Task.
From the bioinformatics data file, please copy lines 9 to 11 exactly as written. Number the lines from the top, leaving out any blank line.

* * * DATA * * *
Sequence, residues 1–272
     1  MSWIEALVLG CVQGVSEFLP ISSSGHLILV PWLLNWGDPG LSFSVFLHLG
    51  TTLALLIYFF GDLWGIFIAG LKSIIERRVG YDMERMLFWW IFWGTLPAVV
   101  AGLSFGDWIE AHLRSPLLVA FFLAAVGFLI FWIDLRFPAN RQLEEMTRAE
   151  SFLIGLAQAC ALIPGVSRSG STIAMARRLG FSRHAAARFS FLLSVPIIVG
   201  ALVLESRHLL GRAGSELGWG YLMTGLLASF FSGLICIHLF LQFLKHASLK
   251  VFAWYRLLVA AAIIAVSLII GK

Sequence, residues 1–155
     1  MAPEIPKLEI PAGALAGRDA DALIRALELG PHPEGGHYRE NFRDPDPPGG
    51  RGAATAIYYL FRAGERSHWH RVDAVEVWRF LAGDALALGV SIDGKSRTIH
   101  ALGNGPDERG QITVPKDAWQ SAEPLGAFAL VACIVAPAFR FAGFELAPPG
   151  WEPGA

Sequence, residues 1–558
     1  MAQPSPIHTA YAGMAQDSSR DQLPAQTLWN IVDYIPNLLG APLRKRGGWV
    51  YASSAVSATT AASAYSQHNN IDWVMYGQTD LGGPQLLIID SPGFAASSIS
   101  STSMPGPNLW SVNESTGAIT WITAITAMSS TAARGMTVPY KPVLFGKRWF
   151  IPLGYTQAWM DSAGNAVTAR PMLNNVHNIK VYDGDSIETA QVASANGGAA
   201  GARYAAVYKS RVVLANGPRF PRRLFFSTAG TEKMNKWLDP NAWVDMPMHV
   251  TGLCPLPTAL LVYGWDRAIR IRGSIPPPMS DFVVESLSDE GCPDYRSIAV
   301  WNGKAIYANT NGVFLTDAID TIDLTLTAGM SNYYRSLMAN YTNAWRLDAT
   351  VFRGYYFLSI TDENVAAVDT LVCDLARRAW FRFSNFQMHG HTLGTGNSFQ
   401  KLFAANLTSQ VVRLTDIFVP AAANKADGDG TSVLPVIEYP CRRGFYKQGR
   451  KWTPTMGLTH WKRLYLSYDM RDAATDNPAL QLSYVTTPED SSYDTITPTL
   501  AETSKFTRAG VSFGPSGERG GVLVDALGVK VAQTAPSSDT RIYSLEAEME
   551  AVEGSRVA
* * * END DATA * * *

     1  MAPEIPKLEI PAGALAGRDA DALIRALELG PHPEGGHYRE NFRDPDPPGG
    51  RGAATAIYYL FRAGERSHWH RVDAVEVWRF LAGDALALGV SIDGKSRTIH
   101  ALGNGPDERG QITVPKDAWQ SAEPLGAFAL VACIVAPAFR FAGFELAPPG